“You don’t have the opportunity to see these icons,’’ said Cosby, who years ago joined civil rights marches in Oklahoma. “I just felt this kindred bond. … It was important for me to be here.”

Reta Cosby, a 68-year-old from Upper Marlboro, Md., was the first in the line of hundreds who came to pay their respects to John Lewis.

Because of cautions about the coronavirus, visitors could only walk up to the bottom of the Capitol's East Front steps to say their goodbyes. There were people of all ages and races. Some pushed walkers. Some came in suits.

Terrence Jones, 37, a Birmingham native, said he met Lewis years ago in Atlanta and appreciated that they both had roots in the South.

“He was a very gracious guy,’’ said Jones, adding that the visit was a historic moment.

Others like Anise Jenkins, Joyce Robinson-Paul and Emma P. Ward appreciated Lewis’ support for D.C. statehood so they came to pay their respects.

“If he could have, he would have gotten us statehood,’’ said Robinson-Paul.

Supporters of statehood for Washington, D.C., wait in line to say farewell to John Lewis as he lay in state in the U.S. Capitol.

Lawmakers try to continue Lewis' work

As the public services continue, Black lawmakers are calling on Congress to honor Lewis' legacy by supporting legislation that would restore a key provision of the 1965 Voting Rights Act.

Rep. Cedric Richmond, D-La., said a bipartisan group of lawmakers should be designated to negotiate details.

“If you want to honor his legacy, pick a `gang of eight' and let’s go to work,” said Richmond, former chairman of the Congressional Black Caucus. “If they’re serious. My gut tells me they’re not.”

The casket of Rep. John Lewis carried by military honor guard up the steps of the U.S. Capitol on July 27, 2020 in Washington.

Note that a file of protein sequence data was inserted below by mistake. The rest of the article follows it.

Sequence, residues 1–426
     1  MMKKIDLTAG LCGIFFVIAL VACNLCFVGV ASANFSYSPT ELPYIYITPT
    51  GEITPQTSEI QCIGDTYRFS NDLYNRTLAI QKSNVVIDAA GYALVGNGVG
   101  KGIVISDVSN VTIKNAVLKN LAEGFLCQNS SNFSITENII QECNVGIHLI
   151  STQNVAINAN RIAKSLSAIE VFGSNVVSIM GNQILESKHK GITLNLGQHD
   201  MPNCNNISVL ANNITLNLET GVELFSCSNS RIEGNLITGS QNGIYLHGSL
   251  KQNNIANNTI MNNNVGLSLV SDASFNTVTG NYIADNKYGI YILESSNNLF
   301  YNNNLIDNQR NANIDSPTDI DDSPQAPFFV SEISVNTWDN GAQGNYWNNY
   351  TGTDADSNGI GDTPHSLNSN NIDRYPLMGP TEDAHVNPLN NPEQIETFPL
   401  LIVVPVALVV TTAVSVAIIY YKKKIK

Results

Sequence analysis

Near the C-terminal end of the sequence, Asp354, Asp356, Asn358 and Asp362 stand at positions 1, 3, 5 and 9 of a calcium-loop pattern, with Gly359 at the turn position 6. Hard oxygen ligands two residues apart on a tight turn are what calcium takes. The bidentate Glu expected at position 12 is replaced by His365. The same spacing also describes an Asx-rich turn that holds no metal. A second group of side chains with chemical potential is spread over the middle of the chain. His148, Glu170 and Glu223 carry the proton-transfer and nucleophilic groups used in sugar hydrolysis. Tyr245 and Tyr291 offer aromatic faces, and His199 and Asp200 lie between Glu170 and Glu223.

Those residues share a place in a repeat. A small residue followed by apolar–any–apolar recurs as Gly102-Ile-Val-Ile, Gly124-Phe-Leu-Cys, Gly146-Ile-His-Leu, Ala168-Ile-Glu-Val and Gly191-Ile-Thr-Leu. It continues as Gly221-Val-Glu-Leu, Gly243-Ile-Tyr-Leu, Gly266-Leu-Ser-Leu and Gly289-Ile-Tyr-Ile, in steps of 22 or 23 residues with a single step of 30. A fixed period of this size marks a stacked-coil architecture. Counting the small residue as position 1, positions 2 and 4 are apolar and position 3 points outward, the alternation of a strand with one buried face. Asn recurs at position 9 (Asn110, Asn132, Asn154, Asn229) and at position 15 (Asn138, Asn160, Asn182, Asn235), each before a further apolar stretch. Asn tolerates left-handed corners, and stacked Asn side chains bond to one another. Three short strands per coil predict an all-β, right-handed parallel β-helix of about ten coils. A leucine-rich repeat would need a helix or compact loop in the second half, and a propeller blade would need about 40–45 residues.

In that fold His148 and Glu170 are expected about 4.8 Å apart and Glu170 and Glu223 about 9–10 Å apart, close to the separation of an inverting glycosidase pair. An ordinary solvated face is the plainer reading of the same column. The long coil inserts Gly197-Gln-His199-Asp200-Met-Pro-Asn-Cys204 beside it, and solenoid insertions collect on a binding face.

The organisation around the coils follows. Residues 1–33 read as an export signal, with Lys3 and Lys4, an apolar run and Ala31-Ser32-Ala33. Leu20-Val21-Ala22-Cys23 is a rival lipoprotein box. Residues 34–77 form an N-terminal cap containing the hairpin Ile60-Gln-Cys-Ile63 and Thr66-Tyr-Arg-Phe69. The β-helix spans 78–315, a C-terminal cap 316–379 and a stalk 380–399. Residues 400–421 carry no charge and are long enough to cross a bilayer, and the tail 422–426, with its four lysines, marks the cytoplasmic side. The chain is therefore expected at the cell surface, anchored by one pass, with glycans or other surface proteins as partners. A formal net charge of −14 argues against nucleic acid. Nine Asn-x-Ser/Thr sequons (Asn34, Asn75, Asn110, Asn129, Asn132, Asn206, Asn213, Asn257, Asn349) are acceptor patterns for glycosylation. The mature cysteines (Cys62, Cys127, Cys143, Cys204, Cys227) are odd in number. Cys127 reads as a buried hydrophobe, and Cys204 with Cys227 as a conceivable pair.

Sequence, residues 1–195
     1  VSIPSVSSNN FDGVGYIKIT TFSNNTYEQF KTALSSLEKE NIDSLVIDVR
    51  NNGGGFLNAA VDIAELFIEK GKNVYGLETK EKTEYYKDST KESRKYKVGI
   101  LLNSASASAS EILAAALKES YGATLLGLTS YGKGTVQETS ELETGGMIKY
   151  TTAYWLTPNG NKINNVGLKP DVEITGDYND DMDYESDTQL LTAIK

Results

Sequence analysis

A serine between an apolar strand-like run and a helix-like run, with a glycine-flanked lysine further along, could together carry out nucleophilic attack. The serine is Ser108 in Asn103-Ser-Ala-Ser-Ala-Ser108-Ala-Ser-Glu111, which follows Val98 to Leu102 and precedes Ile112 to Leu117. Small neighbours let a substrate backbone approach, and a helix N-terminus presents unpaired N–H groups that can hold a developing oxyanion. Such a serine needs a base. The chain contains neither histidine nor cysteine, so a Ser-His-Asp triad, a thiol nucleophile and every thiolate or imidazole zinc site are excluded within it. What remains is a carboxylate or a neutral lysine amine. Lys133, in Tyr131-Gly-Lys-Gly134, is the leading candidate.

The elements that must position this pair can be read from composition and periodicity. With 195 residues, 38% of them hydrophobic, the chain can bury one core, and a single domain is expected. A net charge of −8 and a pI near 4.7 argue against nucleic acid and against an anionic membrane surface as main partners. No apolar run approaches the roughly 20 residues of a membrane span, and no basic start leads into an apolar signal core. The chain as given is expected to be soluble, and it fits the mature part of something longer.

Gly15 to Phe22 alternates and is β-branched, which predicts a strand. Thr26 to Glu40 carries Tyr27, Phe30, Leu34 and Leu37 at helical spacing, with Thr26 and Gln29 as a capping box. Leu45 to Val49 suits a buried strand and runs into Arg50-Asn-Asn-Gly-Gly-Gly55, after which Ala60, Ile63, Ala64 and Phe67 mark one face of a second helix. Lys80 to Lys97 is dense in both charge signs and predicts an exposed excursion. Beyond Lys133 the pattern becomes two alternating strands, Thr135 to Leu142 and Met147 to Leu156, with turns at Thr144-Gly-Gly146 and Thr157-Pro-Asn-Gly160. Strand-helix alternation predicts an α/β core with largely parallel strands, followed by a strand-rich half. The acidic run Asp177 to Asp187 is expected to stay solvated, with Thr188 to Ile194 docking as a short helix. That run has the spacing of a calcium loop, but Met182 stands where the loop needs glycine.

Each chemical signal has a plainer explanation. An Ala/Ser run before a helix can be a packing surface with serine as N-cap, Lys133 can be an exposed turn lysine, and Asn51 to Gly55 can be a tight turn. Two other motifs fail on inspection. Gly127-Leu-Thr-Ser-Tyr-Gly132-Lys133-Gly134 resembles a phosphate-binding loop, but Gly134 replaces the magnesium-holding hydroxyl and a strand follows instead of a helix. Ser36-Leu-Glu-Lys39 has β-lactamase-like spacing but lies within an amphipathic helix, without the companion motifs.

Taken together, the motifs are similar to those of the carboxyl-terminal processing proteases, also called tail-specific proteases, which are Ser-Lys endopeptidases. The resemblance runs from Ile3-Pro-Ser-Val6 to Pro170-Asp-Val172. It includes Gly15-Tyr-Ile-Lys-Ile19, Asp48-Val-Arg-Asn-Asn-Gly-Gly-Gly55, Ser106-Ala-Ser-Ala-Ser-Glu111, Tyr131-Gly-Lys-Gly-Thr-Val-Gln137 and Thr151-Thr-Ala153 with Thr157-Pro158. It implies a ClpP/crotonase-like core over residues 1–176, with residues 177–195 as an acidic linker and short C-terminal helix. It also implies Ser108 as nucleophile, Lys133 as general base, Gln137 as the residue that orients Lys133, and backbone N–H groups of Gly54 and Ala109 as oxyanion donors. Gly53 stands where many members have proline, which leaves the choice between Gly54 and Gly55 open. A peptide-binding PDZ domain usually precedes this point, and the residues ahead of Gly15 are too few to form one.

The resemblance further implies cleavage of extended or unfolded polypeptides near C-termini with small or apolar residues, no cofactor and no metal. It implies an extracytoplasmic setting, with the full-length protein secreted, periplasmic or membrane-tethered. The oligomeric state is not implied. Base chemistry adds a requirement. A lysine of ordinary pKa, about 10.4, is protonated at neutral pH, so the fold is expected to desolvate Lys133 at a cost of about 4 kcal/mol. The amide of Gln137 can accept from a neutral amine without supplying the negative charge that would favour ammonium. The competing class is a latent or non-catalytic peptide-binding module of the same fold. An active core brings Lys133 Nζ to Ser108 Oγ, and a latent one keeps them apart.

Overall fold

In December, with Lewis presiding over the vote, the Democratic-led House passed voting rights legislation that has not been taken up by the Republican-controlled Senate.

The bill, which the House agreed Monday to name after Lewis, would amend the 1965 law to create a new way of measuring if states require oversight for violating minority voting rights.

John Lewis, civil rights champion and the 'conscience of Congress,' was honored by his colleagues at the US Capitol.

In 2013, the Supreme Court ruled that law's original formula was unconstitutional.

Some Republicans have argued that oversight is no longer needed.

Democrats have made voting rights a priority. One of the first measures they passed after taking control of the House in the 2018 election would expand voting rights.

Rep. Marcia Fudge, the Ohio Democrat who heads a House subcommittee on elections, is holding a hearing Tuesday on voting rights in the U.S. territories.

She said lawmakers who are praising Lewis, need to "to put up or shut up."

"They can’t continue to give lip service and not support what somebody like John stood for," she said.

Read the article in USA TODAY.

More: Activists working in John Lewis' shadow warn about voter suppression ahead of November vote